Date of Presentation

5-6-2021 12:00 AM

College

School of Osteopathic Medicine

Poster Abstract

Flank pain, abdominal pain and hematuria are common complaints in emergency medicine. We describe the case of a 72-year-old female who presented to the emergency department for worsening left lower quadrant abdominal pain and left flank pain associated with new-onset hematuria. The patient reports the pain started immediately after she accidentally tripped on a rock while trying to avoid a mailman in an attempt to socially distance due to the COVID-19 pandemic, which resulted in a forceful twist of her body and catching herself with her hands without any direct impact to her body. The patient reports the pain gradually got worse and she tried to ice her abdomen without much relief. The first CT abdomen with contrast that the patient received in the emergency department showed some hydronephrosis of the left kidney suggestive of an obstructive pathology and a small collection of perirenal fluid by the left kidney without evidence of any nephrolithiasis. Due to the nature of the patient’s history, we decided to get a delayed contrast enhanced CT, which ultimately showed evidence of left kidney rupture with leakage of the contrast dye through the left renal calyx and out around the left kidney and down into the lower part of the abdomen and musculature. The pain the patient was experiencing was due to a left kidney rupture, likely traumatic in nature as the patient performed a forceful twist with her body, and irritation of all surrounding structures where her urine was leaking out into her body outside the kidney itself.

Keywords

kidney, hematuria, wounds and injuries, rupture, abdominal injuries

Disciplines

Emergency Medicine | Medicine and Health Sciences | Pathological Conditions, Signs and Symptoms | Urogenital System | Urology

Document Type

Poster

COinS
 
May 6th, 12:00 AM

Kidney Rupture: An Unusual Cause of Abdominal Pain, Flank Pain and Hematuria in a 72-Year-Old Female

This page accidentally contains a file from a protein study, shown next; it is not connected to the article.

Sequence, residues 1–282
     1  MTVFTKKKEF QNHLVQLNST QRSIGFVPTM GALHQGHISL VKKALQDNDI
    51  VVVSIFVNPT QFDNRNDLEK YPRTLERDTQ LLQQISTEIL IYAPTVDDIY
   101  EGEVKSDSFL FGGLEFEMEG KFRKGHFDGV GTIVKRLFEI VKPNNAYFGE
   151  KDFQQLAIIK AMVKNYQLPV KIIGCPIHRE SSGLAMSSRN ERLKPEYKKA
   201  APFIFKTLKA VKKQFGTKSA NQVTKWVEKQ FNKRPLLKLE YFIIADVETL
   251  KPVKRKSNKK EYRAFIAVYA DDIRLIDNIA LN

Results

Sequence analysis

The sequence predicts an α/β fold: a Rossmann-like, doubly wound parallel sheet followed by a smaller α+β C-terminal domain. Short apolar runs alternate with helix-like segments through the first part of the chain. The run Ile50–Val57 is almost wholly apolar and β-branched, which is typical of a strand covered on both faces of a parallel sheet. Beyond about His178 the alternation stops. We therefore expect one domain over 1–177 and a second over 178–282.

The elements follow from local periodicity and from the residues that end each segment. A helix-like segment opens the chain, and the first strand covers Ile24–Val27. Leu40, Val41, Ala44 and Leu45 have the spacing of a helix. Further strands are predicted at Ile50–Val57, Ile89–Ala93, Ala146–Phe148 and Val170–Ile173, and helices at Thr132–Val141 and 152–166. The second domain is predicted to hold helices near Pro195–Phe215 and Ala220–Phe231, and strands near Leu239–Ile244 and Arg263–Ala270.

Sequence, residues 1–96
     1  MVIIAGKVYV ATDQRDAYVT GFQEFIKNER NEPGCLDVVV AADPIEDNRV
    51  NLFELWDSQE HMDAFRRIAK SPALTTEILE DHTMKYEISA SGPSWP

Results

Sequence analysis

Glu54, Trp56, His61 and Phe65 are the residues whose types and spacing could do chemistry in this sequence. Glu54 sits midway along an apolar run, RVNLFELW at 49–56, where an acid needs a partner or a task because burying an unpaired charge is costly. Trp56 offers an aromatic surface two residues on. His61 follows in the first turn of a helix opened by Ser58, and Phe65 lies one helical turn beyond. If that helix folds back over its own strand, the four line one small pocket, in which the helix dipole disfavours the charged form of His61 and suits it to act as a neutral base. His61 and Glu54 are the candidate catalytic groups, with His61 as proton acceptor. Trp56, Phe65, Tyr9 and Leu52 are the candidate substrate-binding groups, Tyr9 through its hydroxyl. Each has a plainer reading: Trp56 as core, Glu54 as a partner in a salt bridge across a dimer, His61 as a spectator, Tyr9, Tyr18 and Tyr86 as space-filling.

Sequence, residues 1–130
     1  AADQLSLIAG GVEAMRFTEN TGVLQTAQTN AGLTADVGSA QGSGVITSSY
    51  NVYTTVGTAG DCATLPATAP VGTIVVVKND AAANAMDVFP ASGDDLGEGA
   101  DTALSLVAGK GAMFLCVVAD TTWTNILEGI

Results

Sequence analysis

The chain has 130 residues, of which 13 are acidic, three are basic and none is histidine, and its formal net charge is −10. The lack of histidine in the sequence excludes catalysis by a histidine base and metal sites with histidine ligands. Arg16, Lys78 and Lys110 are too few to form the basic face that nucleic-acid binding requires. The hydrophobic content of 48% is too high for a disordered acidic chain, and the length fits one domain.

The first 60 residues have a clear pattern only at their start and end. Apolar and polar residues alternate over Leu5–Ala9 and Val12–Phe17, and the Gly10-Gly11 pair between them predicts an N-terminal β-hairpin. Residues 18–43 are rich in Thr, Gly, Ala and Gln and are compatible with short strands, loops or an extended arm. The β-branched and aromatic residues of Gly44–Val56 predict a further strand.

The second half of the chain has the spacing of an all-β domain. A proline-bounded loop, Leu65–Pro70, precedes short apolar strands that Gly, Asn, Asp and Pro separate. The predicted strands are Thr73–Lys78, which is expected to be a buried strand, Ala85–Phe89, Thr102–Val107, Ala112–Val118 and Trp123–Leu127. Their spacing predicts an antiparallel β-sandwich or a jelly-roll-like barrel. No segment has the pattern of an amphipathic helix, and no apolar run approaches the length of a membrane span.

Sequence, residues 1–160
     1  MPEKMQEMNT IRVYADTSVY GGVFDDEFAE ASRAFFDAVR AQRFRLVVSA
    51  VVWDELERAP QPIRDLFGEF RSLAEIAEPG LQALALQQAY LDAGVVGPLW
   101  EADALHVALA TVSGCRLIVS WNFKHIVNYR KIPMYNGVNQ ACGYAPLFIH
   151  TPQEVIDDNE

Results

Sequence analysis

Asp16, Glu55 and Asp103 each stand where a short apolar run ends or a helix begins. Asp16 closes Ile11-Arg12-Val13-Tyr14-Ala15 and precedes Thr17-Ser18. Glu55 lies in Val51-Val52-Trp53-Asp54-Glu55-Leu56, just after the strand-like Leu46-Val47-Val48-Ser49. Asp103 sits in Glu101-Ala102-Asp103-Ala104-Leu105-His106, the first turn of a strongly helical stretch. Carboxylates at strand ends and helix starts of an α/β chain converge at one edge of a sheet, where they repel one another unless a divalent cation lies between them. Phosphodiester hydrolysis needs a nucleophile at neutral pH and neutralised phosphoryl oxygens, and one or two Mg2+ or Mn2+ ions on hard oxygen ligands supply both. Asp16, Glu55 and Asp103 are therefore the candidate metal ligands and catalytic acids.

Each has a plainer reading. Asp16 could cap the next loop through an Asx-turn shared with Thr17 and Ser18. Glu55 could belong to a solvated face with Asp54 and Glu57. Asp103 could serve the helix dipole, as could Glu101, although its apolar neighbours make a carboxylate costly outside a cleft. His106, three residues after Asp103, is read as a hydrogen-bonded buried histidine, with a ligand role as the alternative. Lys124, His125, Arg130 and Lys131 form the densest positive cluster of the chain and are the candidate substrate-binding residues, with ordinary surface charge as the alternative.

Flank pain, abdominal pain and hematuria are common complaints in emergency medicine. We describe the case of a 72-year-old female who presented to the emergency department for worsening left lower quadrant abdominal pain and left flank pain associated with new-onset hematuria. The patient reports the pain started immediately after she accidentally tripped on a rock while trying to avoid a mailman in an attempt to socially distance due to the COVID-19 pandemic, which resulted in a forceful twist of her body and catching herself with her hands without any direct impact to her body. The patient reports the pain gradually got worse and she tried to ice her abdomen without much relief. The first CT abdomen with contrast that the patient received in the emergency department showed some hydronephrosis of the left kidney suggestive of an obstructive pathology and a small collection of perirenal fluid by the left kidney without evidence of any nephrolithiasis. Due to the nature of the patient’s history, we decided to get a delayed contrast enhanced CT, which ultimately showed evidence of left kidney rupture with leakage of the contrast dye through the left renal calyx and out around the left kidney and down into the lower part of the abdomen and musculature. The pain the patient was experiencing was due to a left kidney rupture, likely traumatic in nature as the patient performed a forceful twist with her body, and irritation of all surrounding structures where her urine was leaking out into her body outside the kidney itself.

 

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